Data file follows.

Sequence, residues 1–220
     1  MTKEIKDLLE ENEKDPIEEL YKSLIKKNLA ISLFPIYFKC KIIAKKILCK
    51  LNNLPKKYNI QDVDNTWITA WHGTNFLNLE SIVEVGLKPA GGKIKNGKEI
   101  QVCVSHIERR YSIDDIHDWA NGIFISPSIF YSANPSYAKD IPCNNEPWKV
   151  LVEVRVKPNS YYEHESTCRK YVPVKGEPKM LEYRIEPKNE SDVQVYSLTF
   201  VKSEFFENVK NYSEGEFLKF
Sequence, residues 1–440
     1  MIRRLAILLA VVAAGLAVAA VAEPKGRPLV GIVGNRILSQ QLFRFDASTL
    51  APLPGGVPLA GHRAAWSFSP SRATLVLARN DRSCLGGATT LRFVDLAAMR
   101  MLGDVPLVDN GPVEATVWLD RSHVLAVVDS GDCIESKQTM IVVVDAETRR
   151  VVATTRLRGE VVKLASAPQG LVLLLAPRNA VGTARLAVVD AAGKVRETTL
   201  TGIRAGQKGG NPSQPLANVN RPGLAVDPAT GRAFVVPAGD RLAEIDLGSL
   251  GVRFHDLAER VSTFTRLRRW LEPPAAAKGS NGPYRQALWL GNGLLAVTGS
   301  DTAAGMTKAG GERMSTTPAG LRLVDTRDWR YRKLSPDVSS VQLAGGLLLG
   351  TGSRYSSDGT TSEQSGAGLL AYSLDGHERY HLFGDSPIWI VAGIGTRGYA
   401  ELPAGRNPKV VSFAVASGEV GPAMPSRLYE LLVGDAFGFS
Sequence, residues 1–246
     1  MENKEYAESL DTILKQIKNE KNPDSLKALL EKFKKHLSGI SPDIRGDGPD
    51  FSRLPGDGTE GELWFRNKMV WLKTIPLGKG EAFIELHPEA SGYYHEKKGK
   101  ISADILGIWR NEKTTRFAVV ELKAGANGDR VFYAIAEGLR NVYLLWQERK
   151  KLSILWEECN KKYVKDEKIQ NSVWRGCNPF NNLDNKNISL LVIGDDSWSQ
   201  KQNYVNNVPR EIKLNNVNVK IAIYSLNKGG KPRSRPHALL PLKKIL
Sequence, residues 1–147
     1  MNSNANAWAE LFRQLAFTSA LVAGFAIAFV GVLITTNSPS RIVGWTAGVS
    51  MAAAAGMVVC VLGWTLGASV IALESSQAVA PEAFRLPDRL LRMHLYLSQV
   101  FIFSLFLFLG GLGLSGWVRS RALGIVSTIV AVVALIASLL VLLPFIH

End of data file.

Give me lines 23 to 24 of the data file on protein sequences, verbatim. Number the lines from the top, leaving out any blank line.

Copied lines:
Sequence, residues 1–147
     1  MNSNANAWAE LFRQLAFTSA LVAGFAIAFV GVLITTNSPS RIVGWTAGVS